Assassin's Creed Valhalla Review
Reviewed on Sony PlayStation 4Also available on Google Stadia, Sony PlayStation 4, Sony PlayStation 5, Microsoft Xbox One, Microsoft Xbox Series X and PC
By Odin's beard, this is a big one! While I am not a 'classic' Assassin's Creed fan, due to not really enjoying being locked into instant fail stealth missions and not being a fan of stealth games in general, I started to enjoy the series more when I bought Black Flag at the launch of the PlayStation 4 and absolutely loved Origins when it launched. They still had stealth but it was far less forced than in previous entries and were more like open-world RPGs.
The concept of Assassin's Creed Valhalla really resonated with me, both for the fact is was Vikings and that it was mostly set in my beloved England. Who doesn't like Vikings? I relate much more with pillaging, drinking mead, Norse mythology and murder than I do with other Assassins Creed settings. So pass me my mead and hand me an axe because this game has the potential to be my favourite Assassin's Creed to date.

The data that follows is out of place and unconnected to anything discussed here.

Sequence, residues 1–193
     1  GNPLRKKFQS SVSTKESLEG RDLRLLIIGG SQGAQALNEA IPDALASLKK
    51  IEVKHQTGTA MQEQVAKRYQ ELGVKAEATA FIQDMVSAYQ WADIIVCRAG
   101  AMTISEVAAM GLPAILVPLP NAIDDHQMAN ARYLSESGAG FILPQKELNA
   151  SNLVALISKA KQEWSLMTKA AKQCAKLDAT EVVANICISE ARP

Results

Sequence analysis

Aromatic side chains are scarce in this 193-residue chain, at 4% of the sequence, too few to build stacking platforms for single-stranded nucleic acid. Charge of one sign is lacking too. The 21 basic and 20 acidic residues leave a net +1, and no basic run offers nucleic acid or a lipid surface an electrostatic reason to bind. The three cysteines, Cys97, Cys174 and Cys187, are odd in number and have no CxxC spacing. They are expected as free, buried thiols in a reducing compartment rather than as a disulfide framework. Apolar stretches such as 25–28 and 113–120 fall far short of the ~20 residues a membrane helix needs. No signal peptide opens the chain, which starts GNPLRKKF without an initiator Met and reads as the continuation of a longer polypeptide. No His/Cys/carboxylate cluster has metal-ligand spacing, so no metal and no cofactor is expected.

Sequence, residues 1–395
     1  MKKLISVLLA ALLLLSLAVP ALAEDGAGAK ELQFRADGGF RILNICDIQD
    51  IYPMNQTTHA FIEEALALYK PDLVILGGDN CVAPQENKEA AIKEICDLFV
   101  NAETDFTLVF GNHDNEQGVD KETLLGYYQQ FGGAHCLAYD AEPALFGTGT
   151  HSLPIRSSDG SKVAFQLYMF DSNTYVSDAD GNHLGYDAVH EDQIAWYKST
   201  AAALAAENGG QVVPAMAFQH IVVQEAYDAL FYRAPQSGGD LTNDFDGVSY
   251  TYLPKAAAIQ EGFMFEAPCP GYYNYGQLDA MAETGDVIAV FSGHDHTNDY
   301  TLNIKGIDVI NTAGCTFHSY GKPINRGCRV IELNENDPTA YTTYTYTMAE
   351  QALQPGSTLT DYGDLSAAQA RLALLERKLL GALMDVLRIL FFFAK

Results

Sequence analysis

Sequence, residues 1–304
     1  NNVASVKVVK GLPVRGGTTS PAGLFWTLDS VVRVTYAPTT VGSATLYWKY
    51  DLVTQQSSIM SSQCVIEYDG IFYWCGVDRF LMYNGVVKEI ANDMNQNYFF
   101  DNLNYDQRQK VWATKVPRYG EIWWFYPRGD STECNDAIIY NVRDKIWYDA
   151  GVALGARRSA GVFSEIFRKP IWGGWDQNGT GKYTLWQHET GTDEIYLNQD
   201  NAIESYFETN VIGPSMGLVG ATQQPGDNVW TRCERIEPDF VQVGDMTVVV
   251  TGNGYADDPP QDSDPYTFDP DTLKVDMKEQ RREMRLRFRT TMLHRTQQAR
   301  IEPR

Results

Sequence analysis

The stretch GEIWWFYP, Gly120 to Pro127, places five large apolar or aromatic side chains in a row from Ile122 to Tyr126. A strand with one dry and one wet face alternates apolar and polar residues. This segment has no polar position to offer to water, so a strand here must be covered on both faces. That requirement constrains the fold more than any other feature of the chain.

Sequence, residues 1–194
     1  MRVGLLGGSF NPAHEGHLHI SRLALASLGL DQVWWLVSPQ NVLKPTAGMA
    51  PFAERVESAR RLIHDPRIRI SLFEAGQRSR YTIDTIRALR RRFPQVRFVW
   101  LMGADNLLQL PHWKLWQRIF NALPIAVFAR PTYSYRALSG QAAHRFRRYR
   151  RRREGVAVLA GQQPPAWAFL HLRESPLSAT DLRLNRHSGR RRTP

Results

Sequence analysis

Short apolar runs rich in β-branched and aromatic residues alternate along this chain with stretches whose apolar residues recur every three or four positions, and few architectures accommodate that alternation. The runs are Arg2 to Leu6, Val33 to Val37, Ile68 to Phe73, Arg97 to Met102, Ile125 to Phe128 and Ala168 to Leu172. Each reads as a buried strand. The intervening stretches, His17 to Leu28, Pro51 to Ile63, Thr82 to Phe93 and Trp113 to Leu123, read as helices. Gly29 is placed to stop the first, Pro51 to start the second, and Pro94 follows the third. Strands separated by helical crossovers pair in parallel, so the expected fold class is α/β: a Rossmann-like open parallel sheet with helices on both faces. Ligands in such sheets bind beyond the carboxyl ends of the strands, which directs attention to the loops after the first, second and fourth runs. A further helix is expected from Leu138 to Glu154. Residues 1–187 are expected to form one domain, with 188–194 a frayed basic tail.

One thing that became immediately apparent was the number of options you got to tailor the game experience to meet your needs. When you first boot up the game I had pages of options thrust upon me. I was able to manipulate the difficulty in a variety of ways, from stealth to combat, the difficulty was individually adjustable. Assassin's Creed Valhalla is a very malleable game that will suit any players skillset. Along with this, there were a plethora of other options that meant you could tweak the title to be played how you want to play it. Very nice indeed.